Atypical adult rocking bed — yes, they exist — costs a couple of thousand dollars. But the combined power of two recent studies indicates that it might be worth the investment. The research suggests that a gentle rocking motion, calibrated at one particular exact frequency, not only improves sleep quality but can also have an impact on memory the next day.
Since at least 2011, scientists have been showing that rocking can help improve sleep in humans. The two new Current Biology studies, one on humans and one on mice, build upon those findings, showing that being rocked all night at a constant rate by a creepy robotic cradle, shown in the video above, actually promotes deeper sleep and keeps people from waking up in the middle of the night.
In the paper on on humans, Univesity of Geneva biologist Laurence Bayer, Ph.D., tested how being gently rocked at a rate of 0.25 Hz (that’s approximately once every four seconds and is called the “optimal rate”) impacted the sleep cycles of 18 “good sleepers.” The good sleepers spent three days in her lab: one day to get used to the lab, one day in a stationary bed.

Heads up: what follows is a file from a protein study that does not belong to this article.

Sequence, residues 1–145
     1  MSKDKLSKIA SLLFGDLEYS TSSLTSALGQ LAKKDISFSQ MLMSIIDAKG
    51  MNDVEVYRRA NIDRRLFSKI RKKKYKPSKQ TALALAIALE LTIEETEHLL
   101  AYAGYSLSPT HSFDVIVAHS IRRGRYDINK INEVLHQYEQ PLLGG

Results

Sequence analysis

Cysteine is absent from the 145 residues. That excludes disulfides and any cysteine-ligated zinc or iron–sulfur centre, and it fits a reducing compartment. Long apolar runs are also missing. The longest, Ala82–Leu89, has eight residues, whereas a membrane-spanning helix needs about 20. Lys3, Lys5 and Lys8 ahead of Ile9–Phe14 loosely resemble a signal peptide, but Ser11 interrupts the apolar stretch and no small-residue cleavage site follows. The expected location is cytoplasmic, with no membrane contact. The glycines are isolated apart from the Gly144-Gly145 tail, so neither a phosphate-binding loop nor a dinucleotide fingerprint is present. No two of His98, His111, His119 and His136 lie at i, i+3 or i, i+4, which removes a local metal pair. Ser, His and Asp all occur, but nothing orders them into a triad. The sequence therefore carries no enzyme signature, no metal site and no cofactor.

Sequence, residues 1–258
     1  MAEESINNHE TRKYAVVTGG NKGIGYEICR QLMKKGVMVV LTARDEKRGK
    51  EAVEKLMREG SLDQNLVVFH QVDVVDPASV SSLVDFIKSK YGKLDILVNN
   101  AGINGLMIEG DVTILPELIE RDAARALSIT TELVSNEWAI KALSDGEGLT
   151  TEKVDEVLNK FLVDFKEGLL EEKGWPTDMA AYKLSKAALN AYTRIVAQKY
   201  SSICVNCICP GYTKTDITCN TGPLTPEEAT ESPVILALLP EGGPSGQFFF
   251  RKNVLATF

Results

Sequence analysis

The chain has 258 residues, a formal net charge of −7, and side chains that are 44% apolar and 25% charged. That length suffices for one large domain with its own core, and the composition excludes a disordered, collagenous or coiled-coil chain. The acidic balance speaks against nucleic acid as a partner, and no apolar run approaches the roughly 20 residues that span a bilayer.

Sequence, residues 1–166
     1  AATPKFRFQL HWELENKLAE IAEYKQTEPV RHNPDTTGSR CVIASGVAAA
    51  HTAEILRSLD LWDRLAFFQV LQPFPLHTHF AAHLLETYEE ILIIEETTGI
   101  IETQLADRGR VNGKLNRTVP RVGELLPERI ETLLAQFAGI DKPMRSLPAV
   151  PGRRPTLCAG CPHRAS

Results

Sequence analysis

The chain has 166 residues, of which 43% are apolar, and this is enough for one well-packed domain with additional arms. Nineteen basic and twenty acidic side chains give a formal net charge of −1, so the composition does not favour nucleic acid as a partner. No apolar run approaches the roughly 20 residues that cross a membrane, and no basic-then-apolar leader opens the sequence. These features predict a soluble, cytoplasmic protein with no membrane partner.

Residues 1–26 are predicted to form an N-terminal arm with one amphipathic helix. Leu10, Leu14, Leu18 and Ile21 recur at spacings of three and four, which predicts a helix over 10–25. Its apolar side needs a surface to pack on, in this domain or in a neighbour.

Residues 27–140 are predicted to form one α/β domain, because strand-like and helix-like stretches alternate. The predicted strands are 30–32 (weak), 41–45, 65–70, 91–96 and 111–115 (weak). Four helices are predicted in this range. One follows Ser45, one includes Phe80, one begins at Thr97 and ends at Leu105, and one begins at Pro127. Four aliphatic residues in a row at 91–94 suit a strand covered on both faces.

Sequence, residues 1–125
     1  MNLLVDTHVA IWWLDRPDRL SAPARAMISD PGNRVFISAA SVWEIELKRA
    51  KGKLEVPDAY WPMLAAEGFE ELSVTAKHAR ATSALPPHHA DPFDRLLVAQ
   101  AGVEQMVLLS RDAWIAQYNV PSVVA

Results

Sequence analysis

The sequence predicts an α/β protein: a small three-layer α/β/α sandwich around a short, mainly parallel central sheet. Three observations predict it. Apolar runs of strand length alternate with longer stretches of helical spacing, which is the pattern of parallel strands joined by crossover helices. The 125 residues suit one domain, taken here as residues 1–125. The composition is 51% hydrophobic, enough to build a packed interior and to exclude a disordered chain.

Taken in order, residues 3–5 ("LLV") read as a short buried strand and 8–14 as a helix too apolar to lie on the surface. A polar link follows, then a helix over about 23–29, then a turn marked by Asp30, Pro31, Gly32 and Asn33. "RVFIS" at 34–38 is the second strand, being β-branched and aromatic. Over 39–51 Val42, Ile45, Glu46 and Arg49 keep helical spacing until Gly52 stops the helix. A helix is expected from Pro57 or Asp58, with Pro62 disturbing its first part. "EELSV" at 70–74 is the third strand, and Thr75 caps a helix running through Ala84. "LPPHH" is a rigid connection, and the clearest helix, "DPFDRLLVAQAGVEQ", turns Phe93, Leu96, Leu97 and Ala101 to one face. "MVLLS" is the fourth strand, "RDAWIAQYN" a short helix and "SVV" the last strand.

Bayer and her co-authors found that the participants who were rocked all evening spent significantly more time in the N3 stage of sleep, also called slow-wave sleep. They also woke up less frequently during the unrocked sleepers and even performed better on memory tasks in which they learned random word pairs before bed and were asked to recall them in the morning.
Meanwhile, the mouse study led by Konstantinos Kompotis, Ph.D., a postdoctoral researcher at the University of Lausanne, gave detailed insight into what makes sleep rocking effective.
Kompotis found that mice preferred to be rocked to sleep at a rate four times faster than humans’ preferred rocking rate. He was testing an early theory about sleep rocking suggesting that the action triggers a response in the brain’s vestibular system — the organs in the inner ear that help provide a sense of balance.
As it turns out, mice who lacked one particle in their inner ear, called an otolith, didn’t experience the benefits of being rocked to sleep. Otoliths, the team writes, help the brain “encode linear acceleration” and might help the brain process the “rocking signal.” The discovery gives them an idea of how we might be able to hack the vestibular system to improve sleep in a “non-pharmacological, non-invasive” manner.
For now, we’re left to contemplate whether it’s really worth shelling out thousands of dollars for a rocking bed. These studies, taken together, seem to indicate that you really need to be rocked at a constant rate to get the full range of effects. That means a cheaper option, like a hammock, probably won’t do the job, as Bayer told the BBC when she was asked about it point-blank. “A hammock would probably not be as efficient, although people often report a sense of relaxation when rocked in a hammock,” she said.